NBC Universal plans to start selling ads for its mobile video programming when the upfront kicks off in May. That’s the latest piece of evidence that the once-scoffed-at business of TV on cellphones is gaining momentum this year.
“We are committed to the marketplace and we have to put our money where our mouth is,” said Salil Dalvi, general manager for wireless platforms at NBC Universal. Last week, NBC launched prime-time programming such as “Heroes” on mobile phones from MobiTV and Verizon’s MediaFLO service.
Also, MTV Networks said last week at the CTIA-The Wireless Association’s conference in Orlando, Fla., that it has inked deals with Pepsi-Cola and Intel to sponsor MTV and Comedy Central mobile channels, the first time MTV has sold ads against mobile content.
NBCU’s and MTVN’s push into mobile advertising, coupled with their increased content output for mobile TV, suggests that the twin business models of license fees from carriers and advertising are gelling for mobile TV.
The market for mobile advertising in the United States last year reached $421 million and should grow to $4.8 billion in 2011, according to market research firm eMarketer.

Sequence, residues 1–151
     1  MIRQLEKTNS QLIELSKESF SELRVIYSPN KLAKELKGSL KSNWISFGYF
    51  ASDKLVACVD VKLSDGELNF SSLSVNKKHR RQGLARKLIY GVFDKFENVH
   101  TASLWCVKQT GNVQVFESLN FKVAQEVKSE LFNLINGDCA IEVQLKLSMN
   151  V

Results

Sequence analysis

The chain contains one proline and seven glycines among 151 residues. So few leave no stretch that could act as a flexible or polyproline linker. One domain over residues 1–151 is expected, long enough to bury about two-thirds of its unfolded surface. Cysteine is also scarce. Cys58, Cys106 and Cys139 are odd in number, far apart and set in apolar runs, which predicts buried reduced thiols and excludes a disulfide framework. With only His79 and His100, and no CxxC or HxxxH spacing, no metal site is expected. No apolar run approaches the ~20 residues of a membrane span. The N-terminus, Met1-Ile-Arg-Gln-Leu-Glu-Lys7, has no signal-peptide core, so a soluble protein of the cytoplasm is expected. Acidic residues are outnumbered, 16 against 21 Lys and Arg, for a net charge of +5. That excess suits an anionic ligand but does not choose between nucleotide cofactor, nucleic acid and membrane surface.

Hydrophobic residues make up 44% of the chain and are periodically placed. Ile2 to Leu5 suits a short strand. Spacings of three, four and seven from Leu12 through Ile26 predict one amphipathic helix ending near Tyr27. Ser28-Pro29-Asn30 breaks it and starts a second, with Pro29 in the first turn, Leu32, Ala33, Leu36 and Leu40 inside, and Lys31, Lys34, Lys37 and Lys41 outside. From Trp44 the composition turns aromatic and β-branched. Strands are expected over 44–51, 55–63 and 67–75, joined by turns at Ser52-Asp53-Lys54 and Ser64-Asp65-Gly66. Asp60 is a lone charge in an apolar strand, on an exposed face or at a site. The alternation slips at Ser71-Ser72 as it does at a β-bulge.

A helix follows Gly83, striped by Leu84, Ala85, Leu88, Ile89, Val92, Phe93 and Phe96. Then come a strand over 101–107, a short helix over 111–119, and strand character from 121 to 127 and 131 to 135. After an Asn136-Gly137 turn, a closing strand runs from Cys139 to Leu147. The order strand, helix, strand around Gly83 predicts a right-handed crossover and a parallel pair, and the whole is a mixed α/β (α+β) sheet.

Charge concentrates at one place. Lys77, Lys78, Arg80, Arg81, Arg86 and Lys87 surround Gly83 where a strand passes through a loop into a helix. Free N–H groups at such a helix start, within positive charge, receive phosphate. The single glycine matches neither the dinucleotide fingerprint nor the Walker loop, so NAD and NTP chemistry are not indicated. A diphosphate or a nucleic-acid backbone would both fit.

The number of mobile video subscribers in the U.S. grew to 6.2 million by the end of 2006, up from 2.5 million at the start of the year, according to mobile research firm Telephia.
Also last week, MobiTV inked a deal with Yahoo! for the Web portal to place ads against MobiTV’s video programming. Other mobile video news came from made-for-mobile TV programmer GoTV, which landed strategic investments from Qualcomm and Motorola, and Nickelodeon, which will offer mobile TV content on the mobile TV service Amp’d Mobile next quarter.
This activity should grow the market for mobile TV to double-digital penetration of mobile phone subscribers by the end of this year, up from low-single-digit penetration today, predicted Adam Guy, wireless analyst with research firm Compete.
Mr. Dalvi said NBC will experiment with a range of ad options, from 30-second spots to store locator ads that let users input their ZIP Codes. “We want to learn effectively what gives advertisers a friendly place to put their ads,” he said.